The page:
Secretary Clinton is wise to join form an inter-agency Task Force on Human Trafficking(HT)...The growth of HT is a function of globalization and privatization and accelerates when there are natural or man-made disasters....The Justice Dept. and Transportation agencies should also have a seat on the Task Force.

New Mexico, USA
February 4, 2010

Eric in New Mexico writes:

I think the most strait forward way to make sure no American is involved in the criminal enterprise is for anyone thinking of adopting a child from overseas, or any org/ngo running an orphanage licenced in and physicly located on US soil, state or territory must register with the Dept of State 6 weeks prior to any filing of papers to allow time for a background check to be done, interviews conducted by a consular officer and recomendation made on suitability.

If that were in place you might actually have as well a pool of pre-screened foster parents that State could contact if need arises as it has in Haiti.

In a situation where kids are separated from parents and the circumstance so dire that it calls for getting those that can't really fend for themselves out of harm's way then that pool becomes a static asset in place anytime disaster strikes, anywhere.

( inspired by the notion of a civilian response corps that never leaves home, but is always on call.)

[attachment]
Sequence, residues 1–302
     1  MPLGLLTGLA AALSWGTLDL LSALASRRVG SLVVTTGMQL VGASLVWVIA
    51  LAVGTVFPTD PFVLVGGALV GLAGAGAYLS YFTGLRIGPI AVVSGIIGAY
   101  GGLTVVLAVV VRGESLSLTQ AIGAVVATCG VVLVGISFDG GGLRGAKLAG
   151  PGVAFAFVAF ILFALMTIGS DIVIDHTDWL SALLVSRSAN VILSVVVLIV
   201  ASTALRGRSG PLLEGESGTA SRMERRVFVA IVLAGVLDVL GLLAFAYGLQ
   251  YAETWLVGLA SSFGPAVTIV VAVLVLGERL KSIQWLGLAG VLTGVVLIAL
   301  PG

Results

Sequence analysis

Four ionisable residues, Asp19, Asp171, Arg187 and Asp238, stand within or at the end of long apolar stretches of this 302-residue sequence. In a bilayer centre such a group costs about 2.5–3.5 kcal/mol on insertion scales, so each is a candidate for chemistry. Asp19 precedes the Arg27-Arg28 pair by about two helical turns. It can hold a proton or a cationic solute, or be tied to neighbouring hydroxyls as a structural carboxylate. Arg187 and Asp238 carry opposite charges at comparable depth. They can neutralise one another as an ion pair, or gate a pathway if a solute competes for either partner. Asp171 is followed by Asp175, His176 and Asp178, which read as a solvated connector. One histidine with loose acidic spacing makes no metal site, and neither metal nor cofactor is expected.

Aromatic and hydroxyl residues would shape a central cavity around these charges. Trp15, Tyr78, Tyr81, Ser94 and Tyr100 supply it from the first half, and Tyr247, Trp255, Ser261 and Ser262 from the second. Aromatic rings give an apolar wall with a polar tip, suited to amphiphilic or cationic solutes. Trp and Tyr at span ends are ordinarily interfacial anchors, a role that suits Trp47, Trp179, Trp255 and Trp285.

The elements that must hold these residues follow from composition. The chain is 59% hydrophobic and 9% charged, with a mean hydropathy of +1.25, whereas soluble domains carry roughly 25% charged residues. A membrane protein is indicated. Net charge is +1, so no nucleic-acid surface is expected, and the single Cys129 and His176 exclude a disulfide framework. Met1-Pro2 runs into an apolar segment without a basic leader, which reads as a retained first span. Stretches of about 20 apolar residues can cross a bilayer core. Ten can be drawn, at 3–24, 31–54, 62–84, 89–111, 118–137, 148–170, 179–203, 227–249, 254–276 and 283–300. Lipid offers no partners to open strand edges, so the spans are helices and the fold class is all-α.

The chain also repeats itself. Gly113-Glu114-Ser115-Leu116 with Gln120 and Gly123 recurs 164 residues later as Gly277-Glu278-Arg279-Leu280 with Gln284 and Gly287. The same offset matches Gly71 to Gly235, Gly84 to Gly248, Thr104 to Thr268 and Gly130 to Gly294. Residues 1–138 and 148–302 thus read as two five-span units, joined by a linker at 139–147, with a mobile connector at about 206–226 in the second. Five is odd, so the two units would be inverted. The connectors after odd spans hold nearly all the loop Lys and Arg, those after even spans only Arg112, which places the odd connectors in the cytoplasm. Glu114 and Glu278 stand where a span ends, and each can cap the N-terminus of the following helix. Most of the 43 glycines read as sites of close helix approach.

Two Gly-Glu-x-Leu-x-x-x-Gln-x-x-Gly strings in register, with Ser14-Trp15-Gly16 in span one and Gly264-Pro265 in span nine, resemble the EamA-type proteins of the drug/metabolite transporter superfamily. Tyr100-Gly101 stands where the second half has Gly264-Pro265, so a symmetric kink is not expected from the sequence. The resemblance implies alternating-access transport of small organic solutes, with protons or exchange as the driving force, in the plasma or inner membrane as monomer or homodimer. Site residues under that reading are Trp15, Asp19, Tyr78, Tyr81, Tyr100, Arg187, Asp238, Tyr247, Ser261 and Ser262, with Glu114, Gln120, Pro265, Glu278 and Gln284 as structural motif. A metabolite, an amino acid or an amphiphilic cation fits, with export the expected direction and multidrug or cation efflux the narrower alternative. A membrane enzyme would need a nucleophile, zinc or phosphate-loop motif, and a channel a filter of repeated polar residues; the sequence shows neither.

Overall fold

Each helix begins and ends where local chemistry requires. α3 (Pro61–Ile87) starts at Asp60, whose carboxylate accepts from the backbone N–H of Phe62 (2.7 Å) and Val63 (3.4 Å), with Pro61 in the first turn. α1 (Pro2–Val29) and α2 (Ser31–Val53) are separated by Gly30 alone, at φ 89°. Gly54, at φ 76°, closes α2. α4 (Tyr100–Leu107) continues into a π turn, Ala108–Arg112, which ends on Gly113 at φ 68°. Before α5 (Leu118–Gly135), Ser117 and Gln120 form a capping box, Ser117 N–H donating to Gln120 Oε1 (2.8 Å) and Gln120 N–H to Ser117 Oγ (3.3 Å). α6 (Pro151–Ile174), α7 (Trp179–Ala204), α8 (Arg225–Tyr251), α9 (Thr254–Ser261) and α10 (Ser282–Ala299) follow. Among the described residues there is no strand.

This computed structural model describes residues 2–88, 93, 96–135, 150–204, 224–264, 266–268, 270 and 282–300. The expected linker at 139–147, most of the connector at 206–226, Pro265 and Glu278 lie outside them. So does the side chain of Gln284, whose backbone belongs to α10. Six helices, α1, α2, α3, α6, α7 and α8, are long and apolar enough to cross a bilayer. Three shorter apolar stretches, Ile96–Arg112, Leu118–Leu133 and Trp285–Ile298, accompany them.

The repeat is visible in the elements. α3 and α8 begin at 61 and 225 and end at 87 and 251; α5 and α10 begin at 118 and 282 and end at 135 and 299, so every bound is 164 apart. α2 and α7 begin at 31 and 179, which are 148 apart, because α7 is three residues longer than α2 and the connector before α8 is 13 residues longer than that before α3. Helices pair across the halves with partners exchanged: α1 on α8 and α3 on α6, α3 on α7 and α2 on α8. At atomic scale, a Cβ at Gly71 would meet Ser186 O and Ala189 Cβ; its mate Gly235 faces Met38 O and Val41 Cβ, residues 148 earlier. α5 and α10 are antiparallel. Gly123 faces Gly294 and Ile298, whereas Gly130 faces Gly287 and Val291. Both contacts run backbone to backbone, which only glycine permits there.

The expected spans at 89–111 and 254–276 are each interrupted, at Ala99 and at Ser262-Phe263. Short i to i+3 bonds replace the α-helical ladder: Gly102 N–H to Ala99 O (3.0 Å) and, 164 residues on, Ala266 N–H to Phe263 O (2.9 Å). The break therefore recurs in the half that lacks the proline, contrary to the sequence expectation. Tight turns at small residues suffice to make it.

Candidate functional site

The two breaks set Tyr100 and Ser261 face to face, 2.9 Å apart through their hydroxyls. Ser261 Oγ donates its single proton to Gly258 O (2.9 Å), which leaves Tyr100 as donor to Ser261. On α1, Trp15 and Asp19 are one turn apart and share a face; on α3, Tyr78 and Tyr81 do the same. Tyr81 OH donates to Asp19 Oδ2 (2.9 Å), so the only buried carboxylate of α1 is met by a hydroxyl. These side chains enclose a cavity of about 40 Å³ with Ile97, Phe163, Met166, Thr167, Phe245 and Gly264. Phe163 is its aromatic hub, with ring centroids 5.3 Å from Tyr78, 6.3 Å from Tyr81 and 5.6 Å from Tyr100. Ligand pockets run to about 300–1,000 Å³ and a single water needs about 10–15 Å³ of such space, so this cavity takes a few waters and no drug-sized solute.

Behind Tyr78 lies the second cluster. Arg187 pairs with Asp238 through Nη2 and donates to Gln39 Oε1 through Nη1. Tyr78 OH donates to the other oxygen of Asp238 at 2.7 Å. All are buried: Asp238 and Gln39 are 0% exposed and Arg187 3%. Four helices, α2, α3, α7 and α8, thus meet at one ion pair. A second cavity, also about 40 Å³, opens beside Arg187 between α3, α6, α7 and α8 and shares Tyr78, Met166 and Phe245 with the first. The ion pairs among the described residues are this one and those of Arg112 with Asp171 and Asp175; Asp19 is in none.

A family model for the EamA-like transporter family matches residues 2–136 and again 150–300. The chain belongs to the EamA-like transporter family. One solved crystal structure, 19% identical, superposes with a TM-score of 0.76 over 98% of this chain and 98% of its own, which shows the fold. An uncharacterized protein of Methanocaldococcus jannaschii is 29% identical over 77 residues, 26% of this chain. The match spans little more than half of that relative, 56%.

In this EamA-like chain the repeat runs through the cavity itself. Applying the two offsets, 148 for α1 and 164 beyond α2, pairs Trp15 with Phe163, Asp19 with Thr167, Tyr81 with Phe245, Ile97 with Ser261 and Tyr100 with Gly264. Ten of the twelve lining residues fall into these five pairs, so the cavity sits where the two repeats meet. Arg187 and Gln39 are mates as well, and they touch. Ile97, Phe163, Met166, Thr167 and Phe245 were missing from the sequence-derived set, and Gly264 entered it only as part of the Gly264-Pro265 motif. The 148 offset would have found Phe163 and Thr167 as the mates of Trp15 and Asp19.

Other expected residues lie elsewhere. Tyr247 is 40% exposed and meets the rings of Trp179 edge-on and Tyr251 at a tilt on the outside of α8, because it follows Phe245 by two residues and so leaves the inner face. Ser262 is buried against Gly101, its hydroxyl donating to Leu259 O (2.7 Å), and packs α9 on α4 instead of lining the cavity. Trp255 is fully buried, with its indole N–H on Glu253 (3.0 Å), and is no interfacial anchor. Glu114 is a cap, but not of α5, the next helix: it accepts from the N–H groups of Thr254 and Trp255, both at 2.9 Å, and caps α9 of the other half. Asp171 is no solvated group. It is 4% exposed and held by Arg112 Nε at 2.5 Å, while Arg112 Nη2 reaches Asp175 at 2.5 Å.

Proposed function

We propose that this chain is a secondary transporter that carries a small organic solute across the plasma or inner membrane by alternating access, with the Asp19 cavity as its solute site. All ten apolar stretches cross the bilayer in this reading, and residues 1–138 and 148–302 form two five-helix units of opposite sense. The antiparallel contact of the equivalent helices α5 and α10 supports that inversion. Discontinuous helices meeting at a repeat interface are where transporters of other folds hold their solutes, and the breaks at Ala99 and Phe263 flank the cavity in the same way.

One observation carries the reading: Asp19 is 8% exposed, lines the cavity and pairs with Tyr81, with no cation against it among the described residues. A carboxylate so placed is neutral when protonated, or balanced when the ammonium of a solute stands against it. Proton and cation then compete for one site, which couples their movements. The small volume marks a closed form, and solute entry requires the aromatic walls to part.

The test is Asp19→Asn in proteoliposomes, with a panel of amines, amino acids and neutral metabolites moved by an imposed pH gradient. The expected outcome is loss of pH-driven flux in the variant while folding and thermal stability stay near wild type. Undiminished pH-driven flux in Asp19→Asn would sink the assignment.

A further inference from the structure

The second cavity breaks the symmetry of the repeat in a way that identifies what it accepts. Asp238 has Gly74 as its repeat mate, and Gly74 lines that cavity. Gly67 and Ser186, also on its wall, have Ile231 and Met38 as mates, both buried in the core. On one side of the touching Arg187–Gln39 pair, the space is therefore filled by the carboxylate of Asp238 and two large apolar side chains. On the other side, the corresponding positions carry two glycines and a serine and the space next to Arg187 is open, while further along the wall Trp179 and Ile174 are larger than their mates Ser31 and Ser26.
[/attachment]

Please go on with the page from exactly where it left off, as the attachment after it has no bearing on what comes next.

A refuge of last resort perhaps when no better option exists, but at least it would be there when you really needed it.

State already has placement assistance for refugees in the US, and I'm thinking along those lines as to it's compatability with policy and procedure.

A million folks, maybe two living in tents and hurricane season is only a few months off...

We may have to move a lot of folks very quickly to safety before this is over and to where?

Up to this point, Gitmo has been a source of problematic press and and the intent is to close it down.

I suggest we give the Haitian government a 99 year lease on the place at 1 dollar per year US, and build on site to suit.

Add a trade school to train folks to rebuild their country.

Frankly I can't think of a better way to make a silk purse out of a sow's ear, but it's the closest piece of real estate we could possibly donate as temp shelter.

I think it may be key to quicker recovery to take some strain off the crumbled infrastructure by moving the population that hasn't already been able to find secure shelter with family or friends outside the worst hit areas.

Those not immediately involved in aid and recovery should not be there any longer than possible as it begs a disease outbreak to have it otherwise for any length of time, and since folks are well aware of this most that could leave have left on thir own, but to inadequate shelter.

What we have is a case where you have to do both, deliver aid to the people and get people to shelter and medical facilities on an industrial scale.

So far it's been a pretty good effort despite some hang-ups and hat's off to all involved.

Wish I had a better idea to offer up, but as of now, I'm fresh out.

California, USA
February 5, 2010

OysterCracker in California writes:

If children were given 'national treasure' status and given priority aid status in any conflict, disaster etc. it would help to protect them.

Robert H.
Missouri, USA
February 12, 2010

Robert in Missouri writes:

Please allow the Haitian authorities to handle the American Baptist missionaries in their own way. Intervening on their behalf contradicts the progress being made on human trafficking.